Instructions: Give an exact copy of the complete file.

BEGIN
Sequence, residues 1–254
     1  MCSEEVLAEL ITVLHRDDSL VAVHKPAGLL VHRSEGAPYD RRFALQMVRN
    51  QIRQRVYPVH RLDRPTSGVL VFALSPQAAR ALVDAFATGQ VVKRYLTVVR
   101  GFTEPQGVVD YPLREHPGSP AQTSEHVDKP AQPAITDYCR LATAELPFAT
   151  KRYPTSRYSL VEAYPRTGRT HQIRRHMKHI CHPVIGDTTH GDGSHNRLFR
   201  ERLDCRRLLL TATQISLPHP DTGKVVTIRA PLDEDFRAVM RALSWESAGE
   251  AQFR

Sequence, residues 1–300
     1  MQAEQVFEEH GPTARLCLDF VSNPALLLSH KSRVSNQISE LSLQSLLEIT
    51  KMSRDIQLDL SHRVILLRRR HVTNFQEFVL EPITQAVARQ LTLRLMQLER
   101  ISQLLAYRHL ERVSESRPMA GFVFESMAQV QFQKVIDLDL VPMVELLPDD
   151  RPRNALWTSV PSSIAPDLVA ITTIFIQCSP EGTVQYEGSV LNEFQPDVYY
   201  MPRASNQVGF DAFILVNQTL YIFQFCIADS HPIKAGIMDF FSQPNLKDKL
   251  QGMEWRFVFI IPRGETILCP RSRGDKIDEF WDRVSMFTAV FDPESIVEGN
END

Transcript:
Sequence, residues 1–254
     1  MCSEEVLAEL ITVLHRDDSL VAVHKPAGLL VHRSEGAPYD RRFALQMVRN
    51  QIRQRVYPVH RLDRPTSGVL VFALSPQAAR ALVDAFATGQ VVKRYLTVVR
   101  GFTEPQGVVD YPLREHPGSP AQTSEHVDKP AQPAITDYCR LATAELPFAT
   151  KRYPTSRYSL VEAYPRTGRT HQIRRHMKHI CHPVIGDTTH GDGSHNRLFR
   201  ERLDCRRLLL TATQISLPHP DTGKVVTIRA PLDEDFRAVM RALSWESAGE
   251  AQFR

Sequence, residues 1–300
     1  MQAEQVFEEH GPTARLCLDF VSNPALLLSH KSRVSNQISE LSLQSLLEIT
    51  KMSRDIQLDL SHRVILLRRR HVTNFQEFVL EPITQAVARQ LTLRLMQLER
   101  ISQLLAYRHL ERVSESRPMA GFVFESMAQV QFQKVIDLDL VPMVELLPDD
   151  RPRNALWTSV PSSIAPDLVA ITTIFIQCSP EGTVQYEGSV LNEFQPDVYY
   201  MPRASNQVGF DAFILVNQTL YIFQFCIADS HPIKAGIMDF FSQPNLKDKL
   251  QGMEWRFVFI IPRGETILCP RSRGDKIDEF WDRVSMFTAV FDPESIVEGN